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Erik Karlsson doesn’t seem too concerned with current goal drought

Entering the All-Star break with 39 points in his first 47 games this season, Ottawa Senators defenseman Erik Karlsson is once again one of the NHL’s top scoring defensemen (currently second behind only Brent Burns).

Seeing him at the top of the defensemen leaderboard once again, and seeing him on track to record another 65-point season, might make it a little surprising to learn that it has been 20 games, dating all the way back to Dec. 7, since he last scored a goal. That makes this the second longest goal-scoring drought of his career following a 29-game drought that took place in the middle of his rookie season when he was still only 19 years old.

That slump currently has him on pace for one of the lowest goal totals (12) of his career after scoring at least 16 in four of the past five, including a couple of 20-goal campaigns.

On Saturday, Karlsson talked about his recent slump (via the Ottawa Citizen) and how it does not really concern him at the moment because the team is continuing to win  hockey games.

“I’ve been around long enough to know things like this are going to happen,” Karlsson said. “I haven’t been needing to score that many goals in order for us to win. At the end of the day, that’s the thing you can’t take away from it. Still trying out there, but we’ve been playing good hockey. Guys have been stepping up. We’ve been getting a lot of creativity and goal scoring from different guys. Obviously that’s huge for us.”

The Senators have continued to win, owning a 10-6-4 record during his drought to help the team remain in the top three of the Atlantic Division while still having multiple games in hand on the teams that are chasing them for a playoff spot (along with a pretty decent cushion in terms of points).

But Karlsson is also right when he says “things like this are going to happen.”

While 20 games without a goal might be one of the longer droughts of his career, he has gone at least 10 games without a goal in every season of his career with the lone exception being the aforementioned 2012-13 season that was shortened by the NHL lockout and an injury. Seven previous times he went more than 14 games in a row without goal, including two different stretches (14 and 18 games) last season when he put together one of the the most dominant offensive seasons in the history of the league for a defenseman. Even the best forwards in the NHL only score in 30 to 40 percent of their games. The only two players in the NHL that have scored at least one goal in more than 40 percent of their games since the start of the 2015-16 season are Alex Ovechkin (46 percent) and Sidney Crosby (41 percent). When even the best forwards are only scoring a goal in a third of their games that leaves a lot of open space for extend goal-less streaks.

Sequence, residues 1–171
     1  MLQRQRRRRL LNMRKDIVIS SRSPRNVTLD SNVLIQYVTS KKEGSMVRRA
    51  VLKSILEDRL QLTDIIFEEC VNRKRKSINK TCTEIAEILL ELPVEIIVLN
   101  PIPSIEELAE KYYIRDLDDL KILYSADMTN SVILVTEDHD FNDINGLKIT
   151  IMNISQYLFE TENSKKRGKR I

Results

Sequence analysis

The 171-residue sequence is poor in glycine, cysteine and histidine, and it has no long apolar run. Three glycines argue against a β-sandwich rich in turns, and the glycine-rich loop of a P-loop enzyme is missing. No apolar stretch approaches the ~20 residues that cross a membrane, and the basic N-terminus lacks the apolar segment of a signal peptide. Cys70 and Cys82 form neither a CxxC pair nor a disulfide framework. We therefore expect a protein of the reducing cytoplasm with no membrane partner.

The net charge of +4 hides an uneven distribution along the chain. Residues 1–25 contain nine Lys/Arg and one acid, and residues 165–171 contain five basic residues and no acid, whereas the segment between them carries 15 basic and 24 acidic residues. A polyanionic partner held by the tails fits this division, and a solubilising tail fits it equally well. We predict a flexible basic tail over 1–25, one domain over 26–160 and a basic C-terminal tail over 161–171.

What separates the elite players like Karlsson from everybody else is their ability to not only score goals in bunches during the hot streaks that can carry a team, but to also impact play when they are not putting the puck in the net. Even without a goal in 20 games Karlsson still has 12 helpers during that stretch and remains not only the second leading scoring defenseman in hockey, but is also still the leading scorer on the Senators.

He is still the player that drives their offense.

If his past goal droughts are any indication he is going to bust out of this one soon, and when he does, he is probably going to have a surge that helps balance it out. Following his 14-game drought last season he went for five goals in the next five games and then scored two goals in three games following the 18-game drought. He scored five goals in seven games following a 15-game drought in 2014-15.

DeBoer praises ‘courageous’ Thornton for playing with torn ACL, MCL (Updated)

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In a fairly stunning admission on Monday, Sharks head coach Peter DeBoer told reporters that Joe Thornton played in four of San Jose’s six playoff games versus Edmonton with a significant knee injury.

Thornton, who was hurt against Vancouver late in the regular season, suffered tears to both his left MCL and ACL.

“I’ve never seen a guy play with a torn MCL and ACL,” DeBoer said, per the club’s Twitter account. “It’s a courageous effort as I’ve ever seen.”

Thornton, 37, missed the first two games of the series to rest his knee, before suiting up for the final four. He averaged 18:50 TOI per night and finished with a pair of assists, numbers that are pretty remarkable given the severity of his ailment.

Jumbo wasn’t the only unhealthy Shark during the first-round playoff ouster. Logan Couture‘s face/mouth injury was well-documented and, today, DeBoer also revealed that Tomas Hertl was playing with a broken foot, and Patrick Marleau with a broken thumb.

Looking ahead, Thornton’s knee injury might cloud what’s an already murky future. He’s a pending UFA, and there have been no clear signals from the organization on how they’ll address his potential return. ESPN’s Pierre LeBrun reported in January the Thornton camp was looking for a three-year deal.